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Clean Toilet-Bowl Obsession, And Other Ways Mom Marketing Fails

There’s a new bravado among moms. Celebrity moms are writing books (Brooke Burke’s The Naked Mom, Tina Fey’s Bossypants), and everyday moms are coming out of the woodwork (Tiger Mom, Teen Mom, Attachment Mom) in an effort to prove to the world that there is no one "right" way to be a mom.

It’s a much-needed glimpse into the changing face of motherhood. These women are speaking up and teaching the world a thing or two about what it’s like to be a mom.

Unfortunately, most marketers don’t seem to have gotten the memo.

Why are moms in commercials so obsessed with cleaning? Why are they grinning from ear to ear? And why are they always thin, white, married and upper-middle class? Perhaps marketers also need to get the memo that 41 percent of all births in 2010 were to single mothers.

However, there is hope. Several big marketers are raising the bar of creativity with their advertising to moms. We saw the first a year ago with the overwhelming appeal of spots like Toyota Sienna’s "Swagger Wagon," Volkswagen’s "The Force" and Walmart’s "Conveyor Belt" series.

A few of my latest favorites include:

KRAFT shows its heritage and humor in "A Mother’s Betrayal," its spot where a son finds Mom and her book club friends indulging in bowls of KRAFT Mac & Cheese.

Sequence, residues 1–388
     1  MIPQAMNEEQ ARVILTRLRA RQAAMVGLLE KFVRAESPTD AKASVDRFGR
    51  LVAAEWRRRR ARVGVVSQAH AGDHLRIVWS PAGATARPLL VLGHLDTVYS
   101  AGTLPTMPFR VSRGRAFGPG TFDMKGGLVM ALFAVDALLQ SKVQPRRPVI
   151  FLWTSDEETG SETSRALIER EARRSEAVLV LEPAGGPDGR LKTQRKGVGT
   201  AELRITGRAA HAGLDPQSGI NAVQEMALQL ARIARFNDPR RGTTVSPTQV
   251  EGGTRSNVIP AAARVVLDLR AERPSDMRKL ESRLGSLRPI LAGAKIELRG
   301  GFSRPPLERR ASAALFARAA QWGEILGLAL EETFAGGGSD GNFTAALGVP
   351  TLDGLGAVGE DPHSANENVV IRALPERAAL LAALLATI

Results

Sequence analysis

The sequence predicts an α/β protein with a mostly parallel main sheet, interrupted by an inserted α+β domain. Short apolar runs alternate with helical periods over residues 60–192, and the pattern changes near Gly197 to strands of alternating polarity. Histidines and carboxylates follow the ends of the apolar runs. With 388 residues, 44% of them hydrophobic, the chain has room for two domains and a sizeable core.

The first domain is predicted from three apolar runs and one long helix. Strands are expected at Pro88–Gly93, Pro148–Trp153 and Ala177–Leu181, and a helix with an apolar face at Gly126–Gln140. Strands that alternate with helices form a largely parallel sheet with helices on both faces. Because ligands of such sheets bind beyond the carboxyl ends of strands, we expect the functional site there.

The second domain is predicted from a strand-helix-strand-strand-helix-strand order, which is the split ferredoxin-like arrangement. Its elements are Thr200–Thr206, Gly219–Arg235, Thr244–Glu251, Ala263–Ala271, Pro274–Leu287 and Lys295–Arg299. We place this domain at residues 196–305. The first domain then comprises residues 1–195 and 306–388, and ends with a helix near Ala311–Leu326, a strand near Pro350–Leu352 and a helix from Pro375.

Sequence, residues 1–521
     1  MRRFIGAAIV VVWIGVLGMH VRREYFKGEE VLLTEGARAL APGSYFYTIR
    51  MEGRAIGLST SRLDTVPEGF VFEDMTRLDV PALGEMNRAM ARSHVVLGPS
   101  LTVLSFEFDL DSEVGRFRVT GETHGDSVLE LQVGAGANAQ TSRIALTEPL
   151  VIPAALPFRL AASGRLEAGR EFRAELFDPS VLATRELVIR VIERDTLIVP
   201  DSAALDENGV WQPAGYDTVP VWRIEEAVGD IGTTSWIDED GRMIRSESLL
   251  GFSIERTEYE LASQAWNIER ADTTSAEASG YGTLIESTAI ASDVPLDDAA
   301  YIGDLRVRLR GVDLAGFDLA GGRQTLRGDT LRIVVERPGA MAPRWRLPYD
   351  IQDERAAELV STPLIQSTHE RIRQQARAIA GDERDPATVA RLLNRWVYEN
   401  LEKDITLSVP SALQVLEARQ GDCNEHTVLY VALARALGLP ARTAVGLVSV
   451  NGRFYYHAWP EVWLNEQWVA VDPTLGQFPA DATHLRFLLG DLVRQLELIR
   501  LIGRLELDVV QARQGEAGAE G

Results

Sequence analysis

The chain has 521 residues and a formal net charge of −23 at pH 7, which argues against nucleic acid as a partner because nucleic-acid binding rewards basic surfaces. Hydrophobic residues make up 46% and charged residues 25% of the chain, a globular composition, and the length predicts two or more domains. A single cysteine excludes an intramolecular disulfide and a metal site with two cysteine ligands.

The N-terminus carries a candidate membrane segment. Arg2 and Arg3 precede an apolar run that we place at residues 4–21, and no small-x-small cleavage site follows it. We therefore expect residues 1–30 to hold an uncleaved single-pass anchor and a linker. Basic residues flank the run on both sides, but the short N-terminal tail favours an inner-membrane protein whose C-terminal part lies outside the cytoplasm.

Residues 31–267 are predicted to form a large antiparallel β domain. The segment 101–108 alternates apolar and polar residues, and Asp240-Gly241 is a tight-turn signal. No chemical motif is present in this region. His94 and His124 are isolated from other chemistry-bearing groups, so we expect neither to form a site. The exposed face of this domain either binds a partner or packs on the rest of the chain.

Recognizing the hardest job in the world is also the best job in the world, Procter & Gamble honors everything that all moms do to help their children succeed by showcasing the amazing moms behind Olympic athletes at the London 2012 Olympic Games.

Just in time for Mother’s Day, J&J reminded us that we’re doing OK. Kudos to J&J for celebrating that moms don’t need to strive for perfection.

I would be remiss to not mention that many ads that moms themselves love aren’t "mom ads" at all. When asked to state their favorite commercial of all times,, Budweiser, and GEICO consistently rank among moms' favorites. Proof that you don’t have to show a mom to actually speak to moms. Moms are human beings and we want to laugh, too.

Let’s leverage this seismic shift in the face of motherhood to do a better job of understanding and marketing to moms. Being a mom is complex—it comes with lots of emotional highs and lows and there’s no one "right" way to be a mom. Moms across America are turning their formerly shy statements—"Am I doing this right?"—into bold proclamations—"Here’s how I do it!" Marketers would be wise follow suit and be more provocative, more interesting, and more creative.

Author Katherine Wintsch is the founder of The Mom Complex, a global division of The Martin Agency. 

[Image: Flickr user skampy]

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